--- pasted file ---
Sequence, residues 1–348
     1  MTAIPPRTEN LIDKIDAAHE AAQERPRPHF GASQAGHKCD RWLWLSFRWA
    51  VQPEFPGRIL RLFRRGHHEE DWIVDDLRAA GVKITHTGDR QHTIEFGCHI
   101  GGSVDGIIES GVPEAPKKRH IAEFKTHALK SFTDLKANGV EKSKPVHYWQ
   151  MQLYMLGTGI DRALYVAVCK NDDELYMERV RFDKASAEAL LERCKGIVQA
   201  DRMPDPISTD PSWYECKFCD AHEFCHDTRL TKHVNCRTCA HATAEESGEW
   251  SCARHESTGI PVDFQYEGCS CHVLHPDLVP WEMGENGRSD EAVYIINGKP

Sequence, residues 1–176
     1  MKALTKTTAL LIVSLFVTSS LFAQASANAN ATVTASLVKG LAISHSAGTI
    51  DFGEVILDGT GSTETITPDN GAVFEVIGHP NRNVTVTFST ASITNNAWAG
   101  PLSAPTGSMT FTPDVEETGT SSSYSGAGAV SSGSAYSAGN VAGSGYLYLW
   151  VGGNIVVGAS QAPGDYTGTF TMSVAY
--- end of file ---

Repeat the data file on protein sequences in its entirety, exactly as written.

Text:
Sequence, residues 1–348
     1  MTAIPPRTEN LIDKIDAAHE AAQERPRPHF GASQAGHKCD RWLWLSFRWA
    51  VQPEFPGRIL RLFRRGHHEE DWIVDDLRAA GVKITHTGDR QHTIEFGCHI
   101  GGSVDGIIES GVPEAPKKRH IAEFKTHALK SFTDLKANGV EKSKPVHYWQ
   151  MQLYMLGTGI DRALYVAVCK NDDELYMERV RFDKASAEAL LERCKGIVQA
   201  DRMPDPISTD PSWYECKFCD AHEFCHDTRL TKHVNCRTCA HATAEESGEW
   251  SCARHESTGI PVDFQYEGCS CHVLHPDLVP WEMGENGRSD EAVYIINGKP

Sequence, residues 1–176
     1  MKALTKTTAL LIVSLFVTSS LFAQASANAN ATVTASLVKG LAISHSAGTI
    51  DFGEVILDGT GSTETITPDN GAVFEVIGHP NRNVTVTFST ASITNNAWAG
   101  PLSAPTGSMT FTPDVEETGT SSSYSGAGAV SSGSAYSAGN VAGSGYLYLW
   151  VGGNIVVGAS QAPGDYTGTF TMSVAY